There are bigger questions that arise from those encounters, too. How have animals adapted to survive in a world increasingly overrun with humans? What kinds of relationships exist between humans and animals, and what well-intentioned actions from humans bring harm? The following essays address the oft-complicated connections between animals and humans, explore fascinating forms of adaptations that have sprung from living in increasingly inhospitable environments, and wonder about the future of us all.
1. Are Cities Making Animals Smarter? (Paul Bisceglio, August 16, 2018, The Atlantic)
Night after night, goldfish and koi began disappearing from an office pond protected by concrete walls. Worried, the landlord installed security cameras, only to find that the intruder was a surprising one: a fishing cat, better known for living in swamps than in the center of a bustling city.
In this fascinating read, Paul Bisceglio chronicles the work of Anya Ratnayaka, a conservationist who started tracking several fishing cats in the heart of Colombo, and wonders about how — and which — animals will successfully adapt to life as cities continue to infringe on natural habitats.
Mizuchi’s GPS-collar data had placed him not only in local ponds and canals, but also in the parking lot of a neon-lit movie theater and in the middle of a multilane traffic circle. His territory, which stretched about two square miles, was mostly covered with asphalt and packed with cars.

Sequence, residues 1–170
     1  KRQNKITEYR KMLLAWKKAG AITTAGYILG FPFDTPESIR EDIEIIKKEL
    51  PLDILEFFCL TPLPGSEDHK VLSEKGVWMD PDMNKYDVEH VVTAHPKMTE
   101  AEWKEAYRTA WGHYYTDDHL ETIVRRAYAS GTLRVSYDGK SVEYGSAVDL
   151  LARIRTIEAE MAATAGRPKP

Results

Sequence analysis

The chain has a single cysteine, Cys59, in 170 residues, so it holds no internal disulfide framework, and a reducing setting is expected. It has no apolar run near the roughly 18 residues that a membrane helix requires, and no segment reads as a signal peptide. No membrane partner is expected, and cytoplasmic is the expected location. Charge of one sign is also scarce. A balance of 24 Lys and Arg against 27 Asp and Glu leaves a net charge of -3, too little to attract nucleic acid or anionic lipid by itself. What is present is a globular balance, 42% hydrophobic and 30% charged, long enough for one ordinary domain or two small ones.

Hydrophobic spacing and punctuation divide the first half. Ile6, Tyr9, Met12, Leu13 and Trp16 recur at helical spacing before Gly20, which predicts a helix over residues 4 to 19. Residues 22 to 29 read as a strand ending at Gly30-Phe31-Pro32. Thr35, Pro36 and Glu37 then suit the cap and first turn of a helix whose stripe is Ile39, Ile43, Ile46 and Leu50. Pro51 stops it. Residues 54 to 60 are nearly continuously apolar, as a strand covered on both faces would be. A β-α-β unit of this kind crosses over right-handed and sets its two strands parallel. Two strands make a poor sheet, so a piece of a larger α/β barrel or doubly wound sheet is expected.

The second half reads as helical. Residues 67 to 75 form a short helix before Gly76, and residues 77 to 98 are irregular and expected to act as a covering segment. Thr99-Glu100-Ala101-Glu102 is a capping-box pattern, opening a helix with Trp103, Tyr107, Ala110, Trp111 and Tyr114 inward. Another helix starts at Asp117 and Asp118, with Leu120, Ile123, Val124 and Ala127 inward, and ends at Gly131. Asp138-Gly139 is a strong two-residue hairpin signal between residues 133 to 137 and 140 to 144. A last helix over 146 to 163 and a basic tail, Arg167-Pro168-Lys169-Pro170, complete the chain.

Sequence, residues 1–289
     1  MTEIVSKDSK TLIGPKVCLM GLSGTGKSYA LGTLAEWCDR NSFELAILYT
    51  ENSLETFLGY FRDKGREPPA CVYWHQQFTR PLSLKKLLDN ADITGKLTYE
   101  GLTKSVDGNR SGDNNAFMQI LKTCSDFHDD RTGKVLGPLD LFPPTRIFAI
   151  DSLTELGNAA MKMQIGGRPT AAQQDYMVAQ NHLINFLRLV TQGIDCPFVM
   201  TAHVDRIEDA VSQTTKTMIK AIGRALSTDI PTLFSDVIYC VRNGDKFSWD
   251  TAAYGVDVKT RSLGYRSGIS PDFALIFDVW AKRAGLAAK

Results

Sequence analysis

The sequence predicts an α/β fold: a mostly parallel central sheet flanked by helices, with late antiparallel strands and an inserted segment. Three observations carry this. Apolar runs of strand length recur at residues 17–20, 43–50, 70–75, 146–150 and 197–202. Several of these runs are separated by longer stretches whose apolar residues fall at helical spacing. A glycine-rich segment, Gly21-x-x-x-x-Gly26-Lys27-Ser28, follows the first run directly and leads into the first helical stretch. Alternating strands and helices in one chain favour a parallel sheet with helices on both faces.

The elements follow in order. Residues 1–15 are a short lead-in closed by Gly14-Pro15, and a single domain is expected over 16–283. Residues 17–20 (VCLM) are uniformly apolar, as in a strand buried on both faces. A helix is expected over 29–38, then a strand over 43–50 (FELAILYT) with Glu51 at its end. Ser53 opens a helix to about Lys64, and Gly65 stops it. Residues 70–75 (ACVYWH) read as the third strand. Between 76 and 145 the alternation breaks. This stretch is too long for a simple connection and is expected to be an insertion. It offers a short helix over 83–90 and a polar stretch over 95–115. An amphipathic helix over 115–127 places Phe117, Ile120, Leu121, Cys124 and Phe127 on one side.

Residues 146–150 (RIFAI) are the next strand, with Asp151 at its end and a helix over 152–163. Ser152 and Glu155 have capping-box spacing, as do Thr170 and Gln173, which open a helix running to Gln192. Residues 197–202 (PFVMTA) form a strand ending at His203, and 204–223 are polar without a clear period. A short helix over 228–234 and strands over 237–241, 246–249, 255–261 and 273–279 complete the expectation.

2. Horseshoe Crabs Have Survived All of History – and Remind Us How We Could Too (Lenora Todaro, July 3, 2019, Catapult)
Lenora Todaro meditates on intersections between human life and the natural world in New York City in her monthly Sidewalk Naturalist column. In this riveting installment, Todaro writes about horseshoe crabs, who somehow continue their “450 million-year-old lineage” despite “ice ages and asteroids,” low survival rates, and currently, in New York City, harrowing encroachments by humans on already too-small hospitable environments.
So here is New York city water, not at its best: a swirling mass of plastic bottles, glass shards of airplane size liquor bottles, coffee cups, candy wrappers, plastic straws, abandoned IHOP sugar packets. To find horseshoe crabs, we had to peel aside the sewage to see if any creatures were stirring beneath, oblivious and perhaps impervious to the garbage.